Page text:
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Collaboration is Key
Manufacturers in Greater Minnesota increasingly confront their challenges by working together
By Bob Kill
December 2018
Bob Kill, Enterprise Minnesota president and CEO
(Bob Kill, president and CEO, Enterprise Minnesota)

There is a lot to commend in the “One Minnesota” theme Governor-elect Tim Walz has emphasized in preparation of his swearing in as our next governor.

I travel around Greater Minnesota—a lot—visiting manufacturers who work with Enterprise Minnesota’s consultants to improve their operations. In every trip, I see examples of the special value small manufacturers bring to their communities and the unique circumstances they face, particularly those located farthest from population centers.

Manufacturers play an increasingly outsized importance as the job-creating engines of their local economies. They provide young people an opportunity to sink roots in their hometowns. They offer satisfying long-term career opportunities through well-paying jobs with benefits. But in order to embrace “One Minnesota,” manufacturers must recognize their circumstances. Their sometimes far off locations can constrain their abilities to compete in increasingly sophisticated markets. They have less access to pools of qualified employees and increasing challenges related to product transportation. Plus, their size sometimes prevents them from taking on the kind of practices and processes that will boost productivity.

Here is where I see real hope. Manufacturers are realizing the real advantages to working together. In this issue of the magazine, you’ll read about how the Little Falls-based Initiative Foundation (IF) has teamed up with Enterprise Minnesota to provide group services for manufacturing companies that may not have been able to afford it on their own. It is a very encouraging trend that we expect to continue.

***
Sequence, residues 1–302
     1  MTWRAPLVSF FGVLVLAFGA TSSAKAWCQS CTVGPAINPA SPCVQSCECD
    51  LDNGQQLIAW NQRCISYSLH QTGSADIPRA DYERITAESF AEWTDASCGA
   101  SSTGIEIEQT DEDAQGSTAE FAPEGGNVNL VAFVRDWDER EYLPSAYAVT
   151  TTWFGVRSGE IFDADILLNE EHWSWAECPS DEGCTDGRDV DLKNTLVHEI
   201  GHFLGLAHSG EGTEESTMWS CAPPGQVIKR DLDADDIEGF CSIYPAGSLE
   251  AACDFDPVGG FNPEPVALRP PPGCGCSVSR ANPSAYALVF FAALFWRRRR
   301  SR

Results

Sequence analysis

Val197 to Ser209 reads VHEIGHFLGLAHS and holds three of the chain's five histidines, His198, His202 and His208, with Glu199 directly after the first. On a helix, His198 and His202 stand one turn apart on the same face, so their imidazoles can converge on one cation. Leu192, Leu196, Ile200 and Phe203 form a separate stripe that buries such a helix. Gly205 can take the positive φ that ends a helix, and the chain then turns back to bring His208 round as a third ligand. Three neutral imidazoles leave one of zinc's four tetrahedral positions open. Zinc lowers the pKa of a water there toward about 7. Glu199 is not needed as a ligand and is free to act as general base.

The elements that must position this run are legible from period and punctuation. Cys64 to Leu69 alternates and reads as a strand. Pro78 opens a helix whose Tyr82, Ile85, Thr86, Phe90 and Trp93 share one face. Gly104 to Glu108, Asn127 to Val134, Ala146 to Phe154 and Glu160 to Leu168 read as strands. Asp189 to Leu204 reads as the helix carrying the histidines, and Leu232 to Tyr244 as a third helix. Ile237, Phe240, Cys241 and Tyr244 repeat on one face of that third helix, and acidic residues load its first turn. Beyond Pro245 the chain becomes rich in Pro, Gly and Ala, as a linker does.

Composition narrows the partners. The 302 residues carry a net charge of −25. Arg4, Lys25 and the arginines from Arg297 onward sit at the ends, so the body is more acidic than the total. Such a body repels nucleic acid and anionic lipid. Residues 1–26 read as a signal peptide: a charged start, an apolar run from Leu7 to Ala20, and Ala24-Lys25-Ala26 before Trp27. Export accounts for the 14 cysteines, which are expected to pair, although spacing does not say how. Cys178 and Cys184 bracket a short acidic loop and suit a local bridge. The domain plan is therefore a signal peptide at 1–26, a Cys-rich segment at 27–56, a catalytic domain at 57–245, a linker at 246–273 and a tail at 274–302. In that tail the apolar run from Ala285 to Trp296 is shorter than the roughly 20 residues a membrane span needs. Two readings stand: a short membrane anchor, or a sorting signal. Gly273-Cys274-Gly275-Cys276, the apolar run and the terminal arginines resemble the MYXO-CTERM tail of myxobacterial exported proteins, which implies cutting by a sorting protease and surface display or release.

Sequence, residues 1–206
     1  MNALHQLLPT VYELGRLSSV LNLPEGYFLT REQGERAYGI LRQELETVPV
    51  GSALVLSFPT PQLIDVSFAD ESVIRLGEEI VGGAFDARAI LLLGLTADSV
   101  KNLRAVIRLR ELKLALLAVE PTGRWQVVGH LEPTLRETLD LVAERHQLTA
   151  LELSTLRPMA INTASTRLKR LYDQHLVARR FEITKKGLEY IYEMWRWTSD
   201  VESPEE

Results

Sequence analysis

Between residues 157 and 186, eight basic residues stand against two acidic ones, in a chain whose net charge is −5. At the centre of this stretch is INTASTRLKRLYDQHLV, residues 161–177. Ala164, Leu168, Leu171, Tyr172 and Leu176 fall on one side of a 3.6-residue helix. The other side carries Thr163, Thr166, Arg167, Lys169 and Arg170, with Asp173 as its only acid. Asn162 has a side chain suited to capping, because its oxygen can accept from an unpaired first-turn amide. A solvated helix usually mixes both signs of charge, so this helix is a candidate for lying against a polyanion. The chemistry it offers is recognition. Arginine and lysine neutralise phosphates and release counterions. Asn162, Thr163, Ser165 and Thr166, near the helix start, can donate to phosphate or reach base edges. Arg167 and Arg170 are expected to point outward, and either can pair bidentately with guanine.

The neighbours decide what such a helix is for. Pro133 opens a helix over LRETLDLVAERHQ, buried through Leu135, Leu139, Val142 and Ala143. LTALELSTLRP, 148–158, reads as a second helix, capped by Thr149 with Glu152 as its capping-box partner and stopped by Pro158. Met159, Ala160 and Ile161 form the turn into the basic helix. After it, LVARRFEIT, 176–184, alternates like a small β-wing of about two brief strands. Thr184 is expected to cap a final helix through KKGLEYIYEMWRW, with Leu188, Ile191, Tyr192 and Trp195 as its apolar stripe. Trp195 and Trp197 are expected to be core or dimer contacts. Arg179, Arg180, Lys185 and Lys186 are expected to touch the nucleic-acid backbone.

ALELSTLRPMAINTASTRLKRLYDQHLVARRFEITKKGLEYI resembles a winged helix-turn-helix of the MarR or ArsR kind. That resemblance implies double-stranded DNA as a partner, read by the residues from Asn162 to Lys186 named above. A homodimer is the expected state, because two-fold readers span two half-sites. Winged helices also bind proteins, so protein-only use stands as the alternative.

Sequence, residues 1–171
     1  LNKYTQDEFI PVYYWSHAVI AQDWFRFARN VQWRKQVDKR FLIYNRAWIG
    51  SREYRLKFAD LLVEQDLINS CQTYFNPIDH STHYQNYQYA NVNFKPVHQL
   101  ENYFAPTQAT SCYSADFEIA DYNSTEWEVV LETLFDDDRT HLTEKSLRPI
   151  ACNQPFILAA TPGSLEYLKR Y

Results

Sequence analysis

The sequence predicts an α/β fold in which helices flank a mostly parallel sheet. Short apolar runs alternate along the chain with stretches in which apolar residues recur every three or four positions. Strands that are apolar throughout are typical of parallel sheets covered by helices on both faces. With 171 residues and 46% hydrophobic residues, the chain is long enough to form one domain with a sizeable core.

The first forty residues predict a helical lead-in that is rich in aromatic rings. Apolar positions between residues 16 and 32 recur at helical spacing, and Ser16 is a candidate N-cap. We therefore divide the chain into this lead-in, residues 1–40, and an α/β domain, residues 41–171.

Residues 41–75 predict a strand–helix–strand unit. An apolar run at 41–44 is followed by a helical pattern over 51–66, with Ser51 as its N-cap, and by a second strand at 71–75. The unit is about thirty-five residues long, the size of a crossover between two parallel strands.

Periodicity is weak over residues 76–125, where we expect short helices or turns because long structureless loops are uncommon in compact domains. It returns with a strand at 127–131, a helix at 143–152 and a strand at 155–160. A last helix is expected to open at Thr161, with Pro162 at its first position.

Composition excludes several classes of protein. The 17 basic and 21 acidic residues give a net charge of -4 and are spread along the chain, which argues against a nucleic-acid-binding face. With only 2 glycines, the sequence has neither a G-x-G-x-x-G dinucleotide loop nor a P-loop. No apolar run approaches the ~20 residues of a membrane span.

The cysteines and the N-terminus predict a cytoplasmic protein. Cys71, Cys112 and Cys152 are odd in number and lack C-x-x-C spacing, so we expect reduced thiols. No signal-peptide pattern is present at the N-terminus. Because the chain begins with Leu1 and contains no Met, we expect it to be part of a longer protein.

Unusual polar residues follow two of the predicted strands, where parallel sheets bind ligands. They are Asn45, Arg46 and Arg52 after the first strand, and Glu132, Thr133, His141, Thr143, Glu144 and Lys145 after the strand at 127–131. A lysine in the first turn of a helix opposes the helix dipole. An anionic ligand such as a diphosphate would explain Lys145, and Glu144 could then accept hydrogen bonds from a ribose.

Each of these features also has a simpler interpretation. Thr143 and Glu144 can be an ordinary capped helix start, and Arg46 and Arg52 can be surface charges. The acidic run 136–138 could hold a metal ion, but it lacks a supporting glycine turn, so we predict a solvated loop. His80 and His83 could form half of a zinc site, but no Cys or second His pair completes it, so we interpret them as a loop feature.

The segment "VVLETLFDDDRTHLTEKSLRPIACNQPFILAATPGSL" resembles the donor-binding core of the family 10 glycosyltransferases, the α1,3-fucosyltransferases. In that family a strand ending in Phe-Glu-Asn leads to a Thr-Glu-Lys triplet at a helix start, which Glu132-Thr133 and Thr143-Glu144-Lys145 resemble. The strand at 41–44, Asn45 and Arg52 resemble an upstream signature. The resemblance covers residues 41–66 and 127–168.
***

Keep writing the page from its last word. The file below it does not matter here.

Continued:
I can’t say enough about the value the six Initiative Foundations bring to their regions in Greater Minnesota. Formed in 1986 by a partnership of regional leaders and The McKnight Foundation, each foundation was created to independently strengthen its regional economy and communities with grants, business loans, programs, and donor services. Most people believe Initiative Foundation’s structure is unique to Minnesota. No other state has a similar network that unites community and economic development.

Enterprise Minnesota has enjoyed a great relationship with these organizations on a variety of projects, particularly the State of Manufacturing®, our annual survey.

I’d like to personally identify and thank each of the Initiative Foundation presidents:  

Matt Varilek
Initiative Foundation, Little Falls 

Tony Sertich
Northland Foundation, Duluth 

Nancy Vyskocil
Northwest Minnesota Foundation, Bemidji 

Tim Penny
Southern Minnesota Initiative Foundation, Owatonna 

Diana Anderson
Southwest Initiative Foundation, Hutchinson 

Anna Wasescha
West Central Initiative, Fergus Falls 

Bob Kill is president and CEO of Enterprise Minnesota

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